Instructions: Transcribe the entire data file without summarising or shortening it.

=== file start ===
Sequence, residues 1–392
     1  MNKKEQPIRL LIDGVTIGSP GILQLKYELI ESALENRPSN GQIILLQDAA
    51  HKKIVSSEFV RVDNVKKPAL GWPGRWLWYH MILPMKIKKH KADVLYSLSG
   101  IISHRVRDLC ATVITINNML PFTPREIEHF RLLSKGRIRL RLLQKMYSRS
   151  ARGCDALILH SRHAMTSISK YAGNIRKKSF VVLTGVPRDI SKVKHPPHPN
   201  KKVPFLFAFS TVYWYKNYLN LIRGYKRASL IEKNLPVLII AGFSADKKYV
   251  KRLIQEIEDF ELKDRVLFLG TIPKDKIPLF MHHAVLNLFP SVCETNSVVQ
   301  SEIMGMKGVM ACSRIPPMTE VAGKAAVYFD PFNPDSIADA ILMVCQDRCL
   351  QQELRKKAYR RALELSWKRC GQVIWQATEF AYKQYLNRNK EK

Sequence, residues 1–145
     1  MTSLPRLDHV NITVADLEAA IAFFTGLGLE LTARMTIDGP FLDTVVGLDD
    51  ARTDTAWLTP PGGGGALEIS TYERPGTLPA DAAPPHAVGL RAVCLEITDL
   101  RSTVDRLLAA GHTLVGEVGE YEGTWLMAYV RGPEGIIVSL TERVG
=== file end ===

Sequence, residues 1–392
     1  MNKKEQPIRL LIDGVTIGSP GILQLKYELI ESALENRPSN GQIILLQDAA
    51  HKKIVSSEFV RVDNVKKPAL GWPGRWLWYH MILPMKIKKH KADVLYSLSG
   101  IISHRVRDLC ATVITINNML PFTPREIEHF RLLSKGRIRL RLLQKMYSRS
   151  ARGCDALILH SRHAMTSISK YAGNIRKKSF VVLTGVPRDI SKVKHPPHPN
   201  KKVPFLFAFS TVYWYKNYLN LIRGYKRASL IEKNLPVLII AGFSADKKYV
   251  KRLIQEIEDF ELKDRVLFLG TIPKDKIPLF MHHAVLNLFP SVCETNSVVQ
   301  SEIMGMKGVM ACSRIPPMTE VAGKAAVYFD PFNPDSIADA ILMVCQDRCL
   351  QQELRKKAYR RALELSWKRC GQVIWQATEF AYKQYLNRNK EK

Sequence, residues 1–145
     1  MTSLPRLDHV NITVADLEAA IAFFTGLGLE LTARMTIDGP FLDTVVGLDD
    51  ARTDTAWLTP PGGGGALEIS TYERPGTLPA DAAPPHAVGL RAVCLEITDL
   101  RSTVDRLLAA GHTLVGEVGE YEGTWLMAYV RGPEGIIVSL TERVG